A year later in ’64, the Pentagon (DOD) began taking a greater interest in remote Phu Bai. Up to that point, the Central Intelligence Agency (CIA) had been responsible for running ‘black ops’, clandestine operations, against NVN, although most of its efforts had ended in failure. Defense Secretary McNamara decided DOD could do a better job and lobbied the White House. In mid-January President Johnson (LBJ) authorized OPLAN 34A, a comprehensive plan described as “a wide variety of sabotage and psychological operations [psy ops] against North Vietnam.”** The centerpiece would be to continue cross-border commando infiltrations, which DOD took over from the CIA on February 1st.
Coincidentally, that was the day after General Khanh carried out a coup against the military junta that had overthrown President Diem several months earlier. As soon as the US got an inkling the coup was underway, Jeff and a contingent of linguists were sent back to Saigon from their home base in the Philippines, but since the coup was quick, bloodless, and successful there was nothing for them to do. However, DOD needed to rapidly strengthen the small ASA detachment at Phu Bai, which would be tasked as communication liaison with SVN commandos infiltrated into NVN as well as for psy ops, so orders were cut for Jeff and a dozen other ASA personnel to report to Det J.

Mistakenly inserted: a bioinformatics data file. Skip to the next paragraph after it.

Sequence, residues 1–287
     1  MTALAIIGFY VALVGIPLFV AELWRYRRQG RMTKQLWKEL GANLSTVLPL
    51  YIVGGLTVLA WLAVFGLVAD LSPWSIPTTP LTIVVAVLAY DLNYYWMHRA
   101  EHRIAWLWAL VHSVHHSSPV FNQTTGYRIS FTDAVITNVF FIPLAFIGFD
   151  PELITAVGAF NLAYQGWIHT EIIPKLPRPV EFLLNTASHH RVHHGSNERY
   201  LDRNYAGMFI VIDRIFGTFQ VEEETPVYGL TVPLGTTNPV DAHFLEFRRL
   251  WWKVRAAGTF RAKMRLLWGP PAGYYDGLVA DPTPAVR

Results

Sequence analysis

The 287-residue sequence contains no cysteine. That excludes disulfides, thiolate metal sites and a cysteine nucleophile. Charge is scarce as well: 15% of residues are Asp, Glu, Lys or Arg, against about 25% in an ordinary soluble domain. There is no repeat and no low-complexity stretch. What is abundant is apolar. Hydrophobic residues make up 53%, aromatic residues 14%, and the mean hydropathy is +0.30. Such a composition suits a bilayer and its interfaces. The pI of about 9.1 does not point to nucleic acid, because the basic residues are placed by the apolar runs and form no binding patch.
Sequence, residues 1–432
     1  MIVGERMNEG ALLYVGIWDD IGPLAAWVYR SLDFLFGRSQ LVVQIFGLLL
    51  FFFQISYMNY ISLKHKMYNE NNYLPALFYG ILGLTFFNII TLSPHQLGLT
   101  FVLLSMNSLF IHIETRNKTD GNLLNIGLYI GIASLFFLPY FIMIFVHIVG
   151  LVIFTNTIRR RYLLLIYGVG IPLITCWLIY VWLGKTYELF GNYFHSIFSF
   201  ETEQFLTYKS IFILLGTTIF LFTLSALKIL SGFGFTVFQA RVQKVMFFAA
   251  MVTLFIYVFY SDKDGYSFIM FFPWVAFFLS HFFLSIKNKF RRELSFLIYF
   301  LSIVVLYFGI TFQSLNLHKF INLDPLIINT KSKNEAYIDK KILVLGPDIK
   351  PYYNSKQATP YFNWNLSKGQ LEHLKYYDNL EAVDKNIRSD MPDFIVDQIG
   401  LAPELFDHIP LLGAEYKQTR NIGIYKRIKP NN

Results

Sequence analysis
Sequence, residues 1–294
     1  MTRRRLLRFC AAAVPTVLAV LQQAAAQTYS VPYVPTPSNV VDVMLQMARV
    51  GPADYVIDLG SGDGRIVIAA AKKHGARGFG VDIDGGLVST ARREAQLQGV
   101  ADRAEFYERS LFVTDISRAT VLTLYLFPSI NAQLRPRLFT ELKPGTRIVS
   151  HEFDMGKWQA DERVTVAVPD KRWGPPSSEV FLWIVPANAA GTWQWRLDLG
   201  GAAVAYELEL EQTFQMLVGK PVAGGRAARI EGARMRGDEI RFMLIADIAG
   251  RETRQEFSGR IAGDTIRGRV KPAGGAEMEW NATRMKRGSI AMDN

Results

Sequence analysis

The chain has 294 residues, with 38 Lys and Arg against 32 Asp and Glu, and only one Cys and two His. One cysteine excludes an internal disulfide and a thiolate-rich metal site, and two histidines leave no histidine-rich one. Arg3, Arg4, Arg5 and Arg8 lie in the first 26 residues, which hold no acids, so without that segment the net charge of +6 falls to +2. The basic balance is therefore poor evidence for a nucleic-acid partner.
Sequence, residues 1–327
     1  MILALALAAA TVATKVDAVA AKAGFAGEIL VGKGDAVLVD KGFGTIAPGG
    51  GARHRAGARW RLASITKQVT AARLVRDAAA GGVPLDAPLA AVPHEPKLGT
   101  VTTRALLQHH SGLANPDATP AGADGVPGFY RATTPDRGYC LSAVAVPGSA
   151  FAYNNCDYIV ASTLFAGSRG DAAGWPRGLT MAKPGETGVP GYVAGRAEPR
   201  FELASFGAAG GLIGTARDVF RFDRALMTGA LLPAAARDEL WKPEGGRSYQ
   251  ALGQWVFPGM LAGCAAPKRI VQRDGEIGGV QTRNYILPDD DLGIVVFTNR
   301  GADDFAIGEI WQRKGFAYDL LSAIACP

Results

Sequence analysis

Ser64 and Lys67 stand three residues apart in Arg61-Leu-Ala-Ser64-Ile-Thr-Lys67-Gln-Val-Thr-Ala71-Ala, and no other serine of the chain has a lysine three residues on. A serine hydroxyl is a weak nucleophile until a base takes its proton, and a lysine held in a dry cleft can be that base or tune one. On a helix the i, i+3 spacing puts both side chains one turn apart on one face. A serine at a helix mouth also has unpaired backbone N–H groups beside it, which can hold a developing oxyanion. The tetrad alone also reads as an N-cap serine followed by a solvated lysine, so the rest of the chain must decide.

Arriving at Phu Bai, Jeff found a ramshackle jumble of low buildings, high antennas, communication vans, large squad tents, a truck park, and construction sites in various stages of completion. The whole assemblage was surrounded by barbed wire with a single gate manned by a couple of ASA security guards armed with .45s. The topography was pretty barren except for a small hill of just under 600’ used for additional antennas. Outside the wire was an old, overgrown Vietnamese cemetery, most likely the graveyard for the nearby ville of about 7,000 inhabitants.

Construction at Phu Bai base, 1964
The nondescript buildings housed the communications and intercept equipment as well as the work areas for the lingys, crypts, and ditty boppers, as the ASA guys called their specialties. Most of them were billeted in the large tents set on wooden platforms with space for eight cots with mosquito netting and footlockers. Wooden walkways linked the tents to other parts of the base. Given the heat, humidity, and flying insects of Southeast Asia, at night the side flaps were usually up and mosquito nets down. Jeff and his bunkmates posted a sign out front reading:

·         Air conditioning
·         Wall to wall plan
·         Scenic view
·         Floor show nightly